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We do not have enough land to meet the Sphere indicator of 3.5m2 per person. The sites we have for displaced families are small and scattered in an urban area. How can we find an adequate shelter solution?


This is a question that I've been asked in the field so I wanted to share it with everyone on KnowledgePoint

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Hi Lizzie, I have the perfect answer for you. I have invented a type of rapid build aid shelter home. It is on two levels, so essentially you double your space. It is 3 metres inside, yet has 3 metres below for storage. They can be made any size. So this means that you will be able to in living space terms be able to double the available land you have. It is what I call Bubblehome. I have one of the UK's housing professionals and university lecturers supporting the project. We are making a film about it, and the UK prototype is in Guildford, near to where you are based. It is probably easier to speak directly about this. What we have innovated is very fast, flood and hurricane safe homes. They are low cost and can be constructed with few skills and constructed mostly with rubble. They ...(more)

Peter J Hughes gravatar imagePeter J Hughes ( 2017-10-28 09:42:17 +0000 )edit

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Thank you for your question. The Sphere Standard of 3.5m2 is a global average, but local circumstances, customs and timeframes must also be taken into account.

The full Covered Living Space standard, indicators and guidance notes can be found here in full:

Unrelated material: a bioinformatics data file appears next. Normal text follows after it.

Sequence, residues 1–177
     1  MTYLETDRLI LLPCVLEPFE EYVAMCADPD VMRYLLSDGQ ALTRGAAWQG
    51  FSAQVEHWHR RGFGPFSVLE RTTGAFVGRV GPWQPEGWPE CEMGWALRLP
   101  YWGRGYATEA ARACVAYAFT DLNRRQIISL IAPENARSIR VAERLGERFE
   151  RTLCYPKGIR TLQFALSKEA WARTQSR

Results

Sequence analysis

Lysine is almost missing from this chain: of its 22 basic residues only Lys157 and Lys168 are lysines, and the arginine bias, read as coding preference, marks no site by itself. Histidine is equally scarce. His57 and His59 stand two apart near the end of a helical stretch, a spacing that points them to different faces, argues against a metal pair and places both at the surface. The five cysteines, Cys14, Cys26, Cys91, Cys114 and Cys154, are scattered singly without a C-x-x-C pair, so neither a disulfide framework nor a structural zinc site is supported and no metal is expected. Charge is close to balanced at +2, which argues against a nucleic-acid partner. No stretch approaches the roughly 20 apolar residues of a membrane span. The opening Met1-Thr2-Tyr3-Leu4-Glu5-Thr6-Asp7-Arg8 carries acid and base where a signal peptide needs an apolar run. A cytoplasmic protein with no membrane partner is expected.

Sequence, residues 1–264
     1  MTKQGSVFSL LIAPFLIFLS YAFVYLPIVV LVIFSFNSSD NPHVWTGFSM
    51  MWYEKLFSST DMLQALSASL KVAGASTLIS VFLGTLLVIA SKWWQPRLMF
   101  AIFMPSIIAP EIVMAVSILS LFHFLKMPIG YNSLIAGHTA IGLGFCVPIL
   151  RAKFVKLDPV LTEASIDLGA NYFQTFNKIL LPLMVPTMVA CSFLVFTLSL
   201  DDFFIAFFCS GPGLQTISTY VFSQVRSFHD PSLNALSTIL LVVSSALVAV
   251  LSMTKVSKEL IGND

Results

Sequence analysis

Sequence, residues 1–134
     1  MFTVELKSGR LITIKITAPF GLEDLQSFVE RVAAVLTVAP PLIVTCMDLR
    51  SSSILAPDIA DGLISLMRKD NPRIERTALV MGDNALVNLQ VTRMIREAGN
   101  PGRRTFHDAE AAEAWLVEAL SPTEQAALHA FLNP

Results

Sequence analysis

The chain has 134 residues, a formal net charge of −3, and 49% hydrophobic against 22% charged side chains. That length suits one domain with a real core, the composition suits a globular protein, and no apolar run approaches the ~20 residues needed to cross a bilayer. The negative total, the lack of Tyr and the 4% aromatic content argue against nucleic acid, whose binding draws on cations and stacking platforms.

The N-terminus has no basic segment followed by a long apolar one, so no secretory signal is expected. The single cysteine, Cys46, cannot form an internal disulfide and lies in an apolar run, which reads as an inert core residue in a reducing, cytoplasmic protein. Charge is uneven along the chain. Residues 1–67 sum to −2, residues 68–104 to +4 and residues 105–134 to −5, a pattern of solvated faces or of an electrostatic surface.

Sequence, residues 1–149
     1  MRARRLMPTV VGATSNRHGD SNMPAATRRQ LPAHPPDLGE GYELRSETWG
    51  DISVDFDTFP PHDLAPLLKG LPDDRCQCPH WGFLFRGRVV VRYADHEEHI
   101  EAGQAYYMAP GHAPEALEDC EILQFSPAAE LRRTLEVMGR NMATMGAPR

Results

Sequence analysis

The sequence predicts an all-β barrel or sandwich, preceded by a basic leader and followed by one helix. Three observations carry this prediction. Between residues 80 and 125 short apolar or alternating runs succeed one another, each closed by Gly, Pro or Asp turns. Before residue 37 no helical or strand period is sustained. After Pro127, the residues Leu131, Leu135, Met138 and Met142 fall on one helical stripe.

Before identifying shelter solutions, work out the average pre-disaster size of family accommodation, plus how much external space families are used to using. If families generally use external space for activities such as cooking, it will be essential to include this. This will tell you the scale of the problem if the space you can provide must be smaller.

While “any decision to provide less than 3.5m2 per person should be highlighted, along with actions to mitigate adverse effects on the affected population”, the duration of displacement (Guidance Note 2) is important. If the space you can provide is only slightly smaller, families may be able to cope for a significant period, however, if the new space is 60% of the pre-disaster average or less, families may struggle in the longer term.

Work with the families to find out whether site planning arrangements that allow for closer living may be acceptable. For example, families may accept semi-detached shelters that share a wall, or they may be happy to locate shelters around a courtyard and share the external space. When planning the site in this way be mindful of the effects of overcrowding and be sure to mitigate these.

In the short term, alternatives to emergency or transitional shelter units may be possible. These include host families in the community who can house the affected families, or landlords who can provide rental options.

In the longer term it may be necessary to secure more land, which is likely to be formally owned in urban areas. Municipal authorities or private landlords may require the completion of formal administration procedures, registration forms and MOUs. These may take time, so it is important to manage the expectations of the families.

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2017-10-10 15:50:37 +0000
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Feb 22 '18